Full TGIF Record # 125254
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Web URL(s):https://archive.lib.msu.edu/tic/groot/article/2007mar5.pdf
    Last checked: 03/02/2009
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Publication Type:
Author(s):Stier, John
Author Affiliation:Department of Horticulture, University of Wisconsin-Madison
Title:What does it mean to be organic?
Column Name:Gazing in the grass
Other records with the "Gazing in the grass" Column
Source:The Grass Roots. Vol. 36, No. 2, March/April 2007, p. 5-7, 9.
Publishing Information:Madison, WI: Wisconsin Golf Course Superintendents Association.
# of Pages:4
Keywords:TIC Keywords: Organic culture; Federal legislation; Organic fertilizers; Nitrogen fertilizers; Inorganic pesticides; Pesticide usage legislation; Turfgrass industry
Abstract/Contents:Discusses the use of organic products and practices in golf course maintenance. Explains that "according to the U.S. [United States] Environmental Protection Agency (EPA), an organic pesticide is one that contains carbon...The Organic Food Production Act was passed in 1990 and the United States Department of Agriculture (USDA) started labeling organic products in 2002." Lists "three classes for labeling of organic food items": 100% organic, organic, and made with organic. States that "the production practices are clearly spelled out for each term. Misuse of the terms can lead to hefty fines." Details the process of becoming a certified organic operation, stating that it "requires an application and fee payment to the USDA and/or appropriate state agency." Reports that "no federal definition for organic turf care exists. In many ways, this is a good thing as it allows the industry time to help define what might be appropriate." Discusses organic food production requirements, stating that "no synthetic pesticides may be used." Suggests that "the turf industry will need to move quickly to develop an organic maintenance program before someone else develops regulations that are unworkable. One caveat to such a program will be the realization that different approaches may be needed for diferent parts of the country and/or different turf situations." Concludes that "the best thing the turf industry can do is to develop their own organic standards in advance of outside groups or agencies."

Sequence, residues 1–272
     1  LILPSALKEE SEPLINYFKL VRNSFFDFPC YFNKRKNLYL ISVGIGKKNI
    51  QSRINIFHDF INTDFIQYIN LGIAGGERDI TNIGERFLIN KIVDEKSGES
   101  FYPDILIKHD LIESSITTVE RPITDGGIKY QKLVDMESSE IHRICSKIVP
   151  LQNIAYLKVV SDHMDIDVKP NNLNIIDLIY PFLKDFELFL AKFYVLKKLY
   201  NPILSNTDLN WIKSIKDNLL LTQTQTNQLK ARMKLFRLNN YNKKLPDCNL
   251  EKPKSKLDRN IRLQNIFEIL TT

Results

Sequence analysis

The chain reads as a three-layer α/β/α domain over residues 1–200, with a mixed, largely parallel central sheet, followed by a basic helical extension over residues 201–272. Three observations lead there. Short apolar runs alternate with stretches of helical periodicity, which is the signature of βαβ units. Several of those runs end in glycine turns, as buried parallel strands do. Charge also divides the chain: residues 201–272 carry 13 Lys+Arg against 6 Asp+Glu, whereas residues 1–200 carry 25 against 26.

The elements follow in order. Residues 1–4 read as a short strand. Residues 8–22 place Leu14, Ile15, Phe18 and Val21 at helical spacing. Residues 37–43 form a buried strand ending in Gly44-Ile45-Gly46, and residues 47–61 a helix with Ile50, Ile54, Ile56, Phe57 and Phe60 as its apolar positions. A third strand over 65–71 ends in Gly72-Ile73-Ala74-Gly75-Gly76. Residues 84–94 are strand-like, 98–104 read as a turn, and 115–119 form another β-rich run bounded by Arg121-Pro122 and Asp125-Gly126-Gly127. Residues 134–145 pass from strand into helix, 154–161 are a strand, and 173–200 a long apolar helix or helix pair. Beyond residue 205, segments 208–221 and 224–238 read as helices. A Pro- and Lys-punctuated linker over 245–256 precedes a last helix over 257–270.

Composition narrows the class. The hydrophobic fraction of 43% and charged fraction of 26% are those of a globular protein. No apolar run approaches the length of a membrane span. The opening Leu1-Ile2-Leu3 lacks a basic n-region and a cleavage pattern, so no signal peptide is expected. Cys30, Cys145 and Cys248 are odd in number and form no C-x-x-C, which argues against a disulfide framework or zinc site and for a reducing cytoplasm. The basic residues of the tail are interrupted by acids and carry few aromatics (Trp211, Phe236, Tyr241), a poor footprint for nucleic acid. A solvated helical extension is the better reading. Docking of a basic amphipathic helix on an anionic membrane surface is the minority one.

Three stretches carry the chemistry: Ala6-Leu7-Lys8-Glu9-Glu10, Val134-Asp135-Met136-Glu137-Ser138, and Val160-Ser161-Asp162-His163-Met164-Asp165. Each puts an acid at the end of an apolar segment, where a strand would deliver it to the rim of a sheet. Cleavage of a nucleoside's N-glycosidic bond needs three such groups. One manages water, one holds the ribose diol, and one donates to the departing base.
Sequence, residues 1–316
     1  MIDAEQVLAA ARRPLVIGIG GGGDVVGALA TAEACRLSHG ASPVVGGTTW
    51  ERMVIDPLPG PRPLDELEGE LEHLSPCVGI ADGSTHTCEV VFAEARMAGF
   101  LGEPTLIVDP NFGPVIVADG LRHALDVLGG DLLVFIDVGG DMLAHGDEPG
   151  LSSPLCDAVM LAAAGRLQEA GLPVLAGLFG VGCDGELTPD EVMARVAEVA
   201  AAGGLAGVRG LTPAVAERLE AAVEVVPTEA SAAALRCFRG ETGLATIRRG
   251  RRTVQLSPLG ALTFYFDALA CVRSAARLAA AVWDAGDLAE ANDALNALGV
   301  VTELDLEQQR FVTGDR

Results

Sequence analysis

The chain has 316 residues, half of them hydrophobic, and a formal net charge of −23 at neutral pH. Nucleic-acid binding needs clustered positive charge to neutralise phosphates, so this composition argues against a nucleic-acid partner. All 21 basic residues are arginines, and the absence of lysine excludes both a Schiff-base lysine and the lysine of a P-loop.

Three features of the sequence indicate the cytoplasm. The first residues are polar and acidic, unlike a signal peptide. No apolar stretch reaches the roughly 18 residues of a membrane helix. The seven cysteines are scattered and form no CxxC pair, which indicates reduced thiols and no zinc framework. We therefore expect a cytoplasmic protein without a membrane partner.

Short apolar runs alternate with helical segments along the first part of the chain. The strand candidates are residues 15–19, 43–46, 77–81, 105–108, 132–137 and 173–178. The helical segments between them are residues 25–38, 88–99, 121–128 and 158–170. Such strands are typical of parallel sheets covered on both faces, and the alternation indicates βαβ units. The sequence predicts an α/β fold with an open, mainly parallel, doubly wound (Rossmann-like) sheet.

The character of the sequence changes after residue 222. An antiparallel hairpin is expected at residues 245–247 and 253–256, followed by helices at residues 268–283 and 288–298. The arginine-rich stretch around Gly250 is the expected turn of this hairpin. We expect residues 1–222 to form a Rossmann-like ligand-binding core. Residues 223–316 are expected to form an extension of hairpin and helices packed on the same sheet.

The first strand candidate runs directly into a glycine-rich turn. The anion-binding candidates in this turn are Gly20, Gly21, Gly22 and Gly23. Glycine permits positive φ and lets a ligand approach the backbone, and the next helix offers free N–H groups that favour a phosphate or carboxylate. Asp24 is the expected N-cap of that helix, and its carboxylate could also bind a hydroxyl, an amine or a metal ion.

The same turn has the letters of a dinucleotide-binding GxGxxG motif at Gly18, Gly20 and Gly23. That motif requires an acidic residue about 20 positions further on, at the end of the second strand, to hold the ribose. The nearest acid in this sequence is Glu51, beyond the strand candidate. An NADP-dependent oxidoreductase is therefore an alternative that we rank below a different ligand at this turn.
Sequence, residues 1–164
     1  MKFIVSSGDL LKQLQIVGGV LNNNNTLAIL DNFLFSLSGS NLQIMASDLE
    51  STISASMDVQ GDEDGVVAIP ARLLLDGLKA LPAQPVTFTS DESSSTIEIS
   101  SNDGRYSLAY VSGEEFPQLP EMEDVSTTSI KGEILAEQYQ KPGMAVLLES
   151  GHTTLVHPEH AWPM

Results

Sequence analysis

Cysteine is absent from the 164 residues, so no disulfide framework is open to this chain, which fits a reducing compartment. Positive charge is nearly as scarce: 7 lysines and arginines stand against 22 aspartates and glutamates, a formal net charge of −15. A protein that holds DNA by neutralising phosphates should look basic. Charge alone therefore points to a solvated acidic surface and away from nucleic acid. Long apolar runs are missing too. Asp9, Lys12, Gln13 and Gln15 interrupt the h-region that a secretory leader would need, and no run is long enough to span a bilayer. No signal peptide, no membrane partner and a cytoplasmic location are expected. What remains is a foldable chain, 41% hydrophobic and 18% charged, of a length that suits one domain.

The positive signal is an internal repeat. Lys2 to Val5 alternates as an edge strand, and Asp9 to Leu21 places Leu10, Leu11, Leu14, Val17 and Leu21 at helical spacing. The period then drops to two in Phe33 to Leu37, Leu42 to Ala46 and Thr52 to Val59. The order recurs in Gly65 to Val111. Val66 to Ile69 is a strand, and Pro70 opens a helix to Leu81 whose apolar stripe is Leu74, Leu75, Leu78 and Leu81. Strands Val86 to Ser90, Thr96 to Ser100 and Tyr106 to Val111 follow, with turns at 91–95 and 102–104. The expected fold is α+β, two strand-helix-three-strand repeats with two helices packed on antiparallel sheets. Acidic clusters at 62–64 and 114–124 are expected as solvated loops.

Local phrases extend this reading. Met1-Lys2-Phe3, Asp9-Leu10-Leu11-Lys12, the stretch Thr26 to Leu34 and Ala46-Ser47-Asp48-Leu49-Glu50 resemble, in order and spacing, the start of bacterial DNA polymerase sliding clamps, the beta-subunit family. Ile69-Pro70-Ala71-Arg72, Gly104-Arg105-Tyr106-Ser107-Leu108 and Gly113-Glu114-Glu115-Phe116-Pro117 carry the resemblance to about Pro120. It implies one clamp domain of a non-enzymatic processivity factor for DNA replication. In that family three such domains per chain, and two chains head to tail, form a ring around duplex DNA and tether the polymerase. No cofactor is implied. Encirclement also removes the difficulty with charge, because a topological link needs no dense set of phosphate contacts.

ASA/CSSA/SSSA Citation (Crop Science-Like - may be incomplete):
Stier, J. 2007. What does it mean to be organic?. Grass Roots. 36(2):p. 5-7, 9.
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    Last checked: 03/02/2009
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MSU catalog number: SB 433 .A1 G58
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